Different and Equal

This is a reflection and clarification of my thoughts on male headship, difference and equality based on some conversations I’ve had with people from church recently. 

This started as a post about why I struggle with the concept of male headship. But I realized that wasn’t really what I was struggling with it – it was the ‘equal but different’ or ‘different but equal’ problem.

Let me explain. Complementarians often state that we are all equal, but we have different roles to carry out in the church based on gender. Egalitarians often state that though we are all different, we are made equal in Christ and therefore the differences don’t matter.
Both have flaws. Obviously, even though we are united in Christ, we are still different. Not just when it comes to gender – we all walk around bearing the image of God, our Creator, and we all bear his image in different ways, including how we express our gender identity. This difference isn’t something to push aside so we can be equal. Rather, a variety of different people from different backgrounds and genders telling the Gospel is how we show that we have been made one – and been made equal – through Christ. We celebrate that diversity, and show the world that this Gospel, this Good News is for them as well – the misfits, the outcasts, those who don’t fit into neat roles and genders and stereotypes.
God’s image is bigger than one person, or one ‘type’ of person can reflect. Men and women aren’t the same. No one is the same as anyone else. But we are all equal in Christ. We can acknowledge and appreciate our differences without it becoming about structures and hierarchies and who submits to who. We can be different and equal at the same time.
As I said, this post started because I can’t reconcile the idea of defined headship being given to anyone other than Jesus. We’ve been called to a priesthood of all believers with Jesus as our head. But how does that look when we need organisation and structures and leaders to be an effective church? Is a hierarchy based on arbitrary factors – like gender – the right way to do ministry?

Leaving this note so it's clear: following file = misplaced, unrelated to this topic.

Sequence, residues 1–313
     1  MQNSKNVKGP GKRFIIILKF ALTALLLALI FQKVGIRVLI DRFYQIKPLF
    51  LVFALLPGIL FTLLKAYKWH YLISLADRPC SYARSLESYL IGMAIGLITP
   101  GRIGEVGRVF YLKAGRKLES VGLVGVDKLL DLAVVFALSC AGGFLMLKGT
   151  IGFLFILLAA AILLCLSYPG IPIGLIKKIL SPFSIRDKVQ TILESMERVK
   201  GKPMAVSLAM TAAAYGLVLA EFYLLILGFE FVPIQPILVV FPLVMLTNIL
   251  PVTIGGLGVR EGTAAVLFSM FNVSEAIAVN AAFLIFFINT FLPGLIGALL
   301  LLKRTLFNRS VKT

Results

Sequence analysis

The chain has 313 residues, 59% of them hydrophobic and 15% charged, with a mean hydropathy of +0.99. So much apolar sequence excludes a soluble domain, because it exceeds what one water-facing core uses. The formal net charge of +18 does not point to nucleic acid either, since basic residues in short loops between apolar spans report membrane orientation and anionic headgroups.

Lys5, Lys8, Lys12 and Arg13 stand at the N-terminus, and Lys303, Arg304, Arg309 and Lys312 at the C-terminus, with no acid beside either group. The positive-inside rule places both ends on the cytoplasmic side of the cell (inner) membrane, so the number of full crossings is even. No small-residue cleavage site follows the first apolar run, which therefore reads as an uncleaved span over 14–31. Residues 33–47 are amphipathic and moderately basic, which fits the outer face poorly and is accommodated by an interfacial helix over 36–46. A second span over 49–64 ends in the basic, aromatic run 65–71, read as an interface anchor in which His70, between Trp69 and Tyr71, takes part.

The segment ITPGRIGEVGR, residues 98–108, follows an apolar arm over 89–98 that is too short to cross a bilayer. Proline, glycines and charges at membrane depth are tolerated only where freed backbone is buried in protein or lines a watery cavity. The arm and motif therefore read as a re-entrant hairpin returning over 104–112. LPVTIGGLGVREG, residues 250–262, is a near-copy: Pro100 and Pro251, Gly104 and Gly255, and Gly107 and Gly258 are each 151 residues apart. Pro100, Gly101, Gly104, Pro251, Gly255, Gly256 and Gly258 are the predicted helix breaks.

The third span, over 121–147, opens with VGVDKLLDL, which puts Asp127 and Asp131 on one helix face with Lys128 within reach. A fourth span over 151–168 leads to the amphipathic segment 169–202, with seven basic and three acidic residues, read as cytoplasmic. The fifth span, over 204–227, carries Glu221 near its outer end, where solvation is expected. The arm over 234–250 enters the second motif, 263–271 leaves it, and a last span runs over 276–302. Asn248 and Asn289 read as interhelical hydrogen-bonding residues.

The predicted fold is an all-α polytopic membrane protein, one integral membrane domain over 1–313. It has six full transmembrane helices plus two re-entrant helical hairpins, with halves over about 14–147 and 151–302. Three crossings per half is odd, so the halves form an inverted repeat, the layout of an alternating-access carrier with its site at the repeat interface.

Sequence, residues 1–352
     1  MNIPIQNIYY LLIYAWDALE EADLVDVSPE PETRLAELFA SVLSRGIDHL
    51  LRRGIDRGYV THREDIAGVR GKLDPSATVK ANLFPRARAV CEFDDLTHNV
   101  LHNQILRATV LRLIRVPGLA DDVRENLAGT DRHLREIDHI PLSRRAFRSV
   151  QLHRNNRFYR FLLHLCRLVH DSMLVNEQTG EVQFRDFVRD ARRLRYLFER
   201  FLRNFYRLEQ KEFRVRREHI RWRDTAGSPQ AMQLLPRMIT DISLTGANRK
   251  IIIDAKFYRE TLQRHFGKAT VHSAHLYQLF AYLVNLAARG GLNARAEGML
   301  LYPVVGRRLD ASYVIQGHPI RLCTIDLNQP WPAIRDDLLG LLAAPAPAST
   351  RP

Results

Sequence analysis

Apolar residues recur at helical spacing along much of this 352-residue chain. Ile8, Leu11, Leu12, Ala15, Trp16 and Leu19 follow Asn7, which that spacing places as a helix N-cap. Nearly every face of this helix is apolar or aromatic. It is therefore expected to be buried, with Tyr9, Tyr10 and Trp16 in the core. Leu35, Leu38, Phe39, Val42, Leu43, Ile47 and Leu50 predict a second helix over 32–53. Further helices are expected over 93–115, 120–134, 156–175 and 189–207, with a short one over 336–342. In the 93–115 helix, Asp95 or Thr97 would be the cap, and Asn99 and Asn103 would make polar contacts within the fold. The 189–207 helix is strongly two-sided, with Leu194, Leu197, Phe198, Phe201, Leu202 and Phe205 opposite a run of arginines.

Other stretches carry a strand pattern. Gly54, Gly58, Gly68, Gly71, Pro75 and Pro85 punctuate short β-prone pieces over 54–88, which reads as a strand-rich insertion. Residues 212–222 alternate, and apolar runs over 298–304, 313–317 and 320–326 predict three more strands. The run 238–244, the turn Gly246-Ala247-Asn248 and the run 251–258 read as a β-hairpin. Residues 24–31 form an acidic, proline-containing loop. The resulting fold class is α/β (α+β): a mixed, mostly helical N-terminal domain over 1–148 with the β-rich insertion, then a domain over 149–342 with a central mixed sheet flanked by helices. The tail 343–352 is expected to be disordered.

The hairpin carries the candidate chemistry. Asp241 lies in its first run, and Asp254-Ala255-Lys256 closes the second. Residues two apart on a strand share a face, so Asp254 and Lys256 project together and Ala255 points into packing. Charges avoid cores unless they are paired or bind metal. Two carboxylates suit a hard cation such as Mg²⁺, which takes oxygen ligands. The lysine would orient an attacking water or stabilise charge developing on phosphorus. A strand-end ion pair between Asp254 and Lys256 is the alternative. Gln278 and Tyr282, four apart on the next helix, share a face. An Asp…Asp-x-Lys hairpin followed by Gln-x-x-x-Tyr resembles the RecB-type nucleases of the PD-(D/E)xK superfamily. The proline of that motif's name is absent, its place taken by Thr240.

The structures we use and how we organize ourselves communicate a lot. The tricky part is, they often communicate very different things to different people. No matter how much I think and read and hear, I can’t get past this fact – you can’t bar people from roles based on gender and say it’s equality.
I think our structures, how we set them up and how we use them, should reflect Jesus and what he has called us to do. We’ve been called to live out his image in the world so others may see it and join us. So, don’t we have a responsibility to God and to those who don’t know Jesus to do ministry in the best and most effective way?
It’s not about us or our gifts. It’s about Jesus. It’s about God working through us. But God gives us gifts to use to show other people his glory, and we have a responsibility to use them, in a way that humbly points back to Jesus.

So why do we put people in jobs they can’t do well, just because they are male, when there are capable females who are willing to serve?  How do we better glorify God?

This is the paradox of mutual submission. We all have freedom and rights in God’s family – all of us. No one more so than anyone else. Yet we choose to submit to each other out of love for each other and Christ. This submission isn’t based on gifts, but on circumstances and needs. We all submit to each other in turn, at different times and in different ways, and ultimately we all submit to Christ, our only head. Sometimes we give up our rights for the sake of others. Sometimes others will submit to us. It’s not about us though. It’s about Jesus, and those who need to know him.
We are a priesthood of all believers. There’s no hierarchy or set, inflexible roles based on random, arbitrary features. We are equal. Equal and different. Different and equal. No ‘but’ about it.